Preprint Review Version 2 Preserved in Portico This version is not peer-reviewed

Elevated CO2 and Water Stress in Combination in Plants: Brothers in Arms or Partners in Crime?

Version 1 : Received: 11 August 2020 / Approved: 12 August 2020 / Online: 12 August 2020 (13:27:02 CEST)
Version 2 : Received: 1 July 2022 / Approved: 4 July 2022 / Online: 4 July 2022 (08:21:01 CEST)

How to cite: Shanker, A.; Gunnapaneni, D.; Bhanu, D.; Vanaja, M.; Jyothilakshmi, N.; Yadav, S.; Prabhakar, M.; Singh, V. Elevated CO2 and Water Stress in Combination in Plants: Brothers in Arms or Partners in Crime?. Preprints 2020, 2020080286 (doi: 10.20944/preprints202008.0286.v2). Shanker, A.; Gunnapaneni, D.; Bhanu, D.; Vanaja, M.; Jyothilakshmi, N.; Yadav, S.; Prabhakar, M.; Singh, V. Elevated CO2 and Water Stress in Combination in Plants: Brothers in Arms or Partners in Crime?. Preprints 2020, 2020080286 (doi: 10.20944/preprints202008.0286.v2).

Abstract

The changing dynamics in climate is the primary and important determinant of agriculture productivity. The effects of this changing climate on overall productivity in agriculture can be understood when we study the effects of individual components contributing to the changing climate on plants and crops. Elevated CO2 (eCO2) and drought due to high variability in rainfall is one of the important manifestations of the changing climate. There is a considerable amount of literature that addresses climate effects on plant systems from molecules to ecosystems. Of particular interest is the effect of increased CO2 on plants in relation to drought and water stress. As it is known that one of the consistent effects of increased CO2 in the atmosphere is increased photosynthesis, especially in C3 plants, it will be interesting to know the effect of drought in relation to elevated CO2. The potential of elevated CO2 ameliorating the effects of water deficit stress is evident from literature suggesting that these two are agents are brothers in arms protecting the plant from stress rather than partnering in crime, specifically water deficit when in isolation. The possible mechanisms by which this occurs will be discussed in this minireview. Interpreting the effects of short-term and long-term exposure of plants to elevated CO2 in the context of ameliorating the negative impacts of drought will show us the possible ways by which there can be effective adaption to crops in the changing climate scenario.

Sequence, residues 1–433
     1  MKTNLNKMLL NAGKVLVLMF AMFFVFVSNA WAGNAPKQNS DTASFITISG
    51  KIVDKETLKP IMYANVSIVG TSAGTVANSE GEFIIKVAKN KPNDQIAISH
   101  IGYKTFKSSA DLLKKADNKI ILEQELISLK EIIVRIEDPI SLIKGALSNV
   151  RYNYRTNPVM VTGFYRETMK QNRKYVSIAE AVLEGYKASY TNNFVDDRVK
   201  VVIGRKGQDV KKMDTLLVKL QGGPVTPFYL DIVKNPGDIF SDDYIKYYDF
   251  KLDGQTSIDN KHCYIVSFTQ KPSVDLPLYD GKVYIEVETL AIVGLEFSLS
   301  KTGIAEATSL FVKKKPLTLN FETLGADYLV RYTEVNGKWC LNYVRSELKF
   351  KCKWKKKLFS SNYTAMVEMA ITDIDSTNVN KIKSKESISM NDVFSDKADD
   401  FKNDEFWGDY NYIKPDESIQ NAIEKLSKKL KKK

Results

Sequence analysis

Keywords

elevated CO2; drought; photosynthesis; transpiration rate; stomatal conductance; C4 enzymes; malate; water deficit stress; abscisic acid

Subject

BIOLOGY, Agricultural Sciences & Agronomy

Comments (1)

Comment 1
Received: 4 July 2022
Commenter: Arun Shanker
Commenter's Conflict of Interests: Author
Comment: The review has been improved much by adding different sub headings and adding new references and more critical analysis of the literature. Three additional figures have been added, one showing the molecular basis of elevated CO2 and drought mediated stomatal closure, another figure showing a schematic representation of individual and interactive effects of water deficit stress and eCO2 in C3 and C4 plants. Another figure was developed by homolgy modelling of the C4 enzymes showing Homology models of NADP-ME and NAD-ME enzymes with their beta-hairpin bends. A table was also added showing structureal differences of the C4 enzymes.
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